Superscope with specs lives up to the hype

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The Independent Online
The Hubble space telescope blasted off from Cape Canaveral in clouds of stupendous hype on 24 April 1990, writes Tom Wilkie.

The expectation was that this enormous satellite, the size of a double- decker bus, would reach out to see the edge of the universe and even find planets, capable of supporting life, circling other stars. Costing $1.5bn, and orbiting 600 kilometres above the Earth, it was clear of the distorting murky atmosphere through which ground-based telescopes peer.

But these expectations were dashed when it was realised that it was out of focus. It could barely take decent pictures of the planets in our own solar system.

Subsequently, it emerged that military secrecy had restricted Nasa's ability to oversee the critical work of constructing the primary light- gathering mirror. The manufacturer, Perkin-Elmer, had been given the contract because it had experience in making components for military spy satellites. But because of its military connections, the plant was off-limits to all but a few Nasa staff. In the end, the curvature of the mirror, 94.5in across, was wrong by about one-fiftieth of the diameter of a human hair.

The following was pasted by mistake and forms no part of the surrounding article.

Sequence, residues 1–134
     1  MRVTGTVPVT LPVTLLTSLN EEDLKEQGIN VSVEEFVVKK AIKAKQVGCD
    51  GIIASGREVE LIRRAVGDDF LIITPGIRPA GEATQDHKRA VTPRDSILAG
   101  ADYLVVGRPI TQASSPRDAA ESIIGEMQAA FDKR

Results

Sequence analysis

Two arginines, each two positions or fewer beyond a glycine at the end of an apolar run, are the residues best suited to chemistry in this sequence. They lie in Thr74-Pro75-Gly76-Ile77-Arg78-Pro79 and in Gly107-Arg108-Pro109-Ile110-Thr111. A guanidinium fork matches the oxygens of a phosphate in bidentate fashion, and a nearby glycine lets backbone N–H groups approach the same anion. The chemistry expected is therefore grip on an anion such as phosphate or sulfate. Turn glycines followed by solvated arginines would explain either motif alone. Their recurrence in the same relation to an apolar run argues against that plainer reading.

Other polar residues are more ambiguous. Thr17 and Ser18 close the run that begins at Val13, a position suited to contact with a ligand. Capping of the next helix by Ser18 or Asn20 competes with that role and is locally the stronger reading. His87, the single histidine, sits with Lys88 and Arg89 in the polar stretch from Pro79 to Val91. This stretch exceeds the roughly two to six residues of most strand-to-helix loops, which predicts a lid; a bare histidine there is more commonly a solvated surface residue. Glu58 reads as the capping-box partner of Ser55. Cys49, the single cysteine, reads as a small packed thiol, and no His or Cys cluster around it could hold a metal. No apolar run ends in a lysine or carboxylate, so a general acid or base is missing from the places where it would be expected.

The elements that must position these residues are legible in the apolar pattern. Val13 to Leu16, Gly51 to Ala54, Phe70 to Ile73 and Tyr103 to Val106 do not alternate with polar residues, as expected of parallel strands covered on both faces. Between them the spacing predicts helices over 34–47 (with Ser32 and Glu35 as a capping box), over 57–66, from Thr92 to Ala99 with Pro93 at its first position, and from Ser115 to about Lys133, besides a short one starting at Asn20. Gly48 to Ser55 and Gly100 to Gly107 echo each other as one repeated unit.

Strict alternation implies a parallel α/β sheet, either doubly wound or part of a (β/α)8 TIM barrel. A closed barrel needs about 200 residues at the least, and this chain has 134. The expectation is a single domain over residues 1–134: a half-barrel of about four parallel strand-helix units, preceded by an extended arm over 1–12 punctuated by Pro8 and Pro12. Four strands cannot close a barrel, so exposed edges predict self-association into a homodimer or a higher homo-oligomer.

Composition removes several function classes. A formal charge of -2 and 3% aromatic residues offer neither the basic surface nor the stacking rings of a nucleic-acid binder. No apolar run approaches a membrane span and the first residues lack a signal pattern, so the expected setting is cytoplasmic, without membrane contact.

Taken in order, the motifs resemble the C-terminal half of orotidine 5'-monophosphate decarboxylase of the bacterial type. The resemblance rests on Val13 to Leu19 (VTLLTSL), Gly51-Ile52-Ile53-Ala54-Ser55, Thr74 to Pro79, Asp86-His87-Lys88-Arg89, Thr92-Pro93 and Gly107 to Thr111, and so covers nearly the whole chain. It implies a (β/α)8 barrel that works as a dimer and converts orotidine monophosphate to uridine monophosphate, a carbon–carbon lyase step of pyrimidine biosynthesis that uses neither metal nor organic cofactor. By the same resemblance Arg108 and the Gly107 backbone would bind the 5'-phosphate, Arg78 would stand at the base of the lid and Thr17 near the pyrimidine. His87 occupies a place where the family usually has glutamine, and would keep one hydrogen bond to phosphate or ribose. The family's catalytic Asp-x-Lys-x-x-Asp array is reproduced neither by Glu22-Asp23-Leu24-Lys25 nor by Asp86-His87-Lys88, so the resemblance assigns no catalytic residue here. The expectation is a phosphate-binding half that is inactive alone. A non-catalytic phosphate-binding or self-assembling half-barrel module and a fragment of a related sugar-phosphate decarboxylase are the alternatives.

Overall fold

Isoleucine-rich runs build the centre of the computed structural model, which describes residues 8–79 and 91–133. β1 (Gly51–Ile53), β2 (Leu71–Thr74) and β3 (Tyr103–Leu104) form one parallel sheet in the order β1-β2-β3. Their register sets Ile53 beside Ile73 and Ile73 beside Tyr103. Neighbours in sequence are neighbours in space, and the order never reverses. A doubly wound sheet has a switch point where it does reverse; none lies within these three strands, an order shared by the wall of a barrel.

On 2 December 1993, Nasa launched a rescue mission, in effect to fit the instrument with a pair of spectacles. It was completely successful. Hubble was able to "see" with the precision its designers had originally intended and the scientific results started to flow.

Among the discoveries is the detection of primordial helium, the second lightest of all the chemical elements, created at least 13 billion years ago, close to the birth of the universe.

But some of the results have puzzled rather than clarified astronomers' understanding of the early days of the universe. Some suggest it could be half the age that had been thought - eight billion years rather than the conventional value of 15 to 16 billion.

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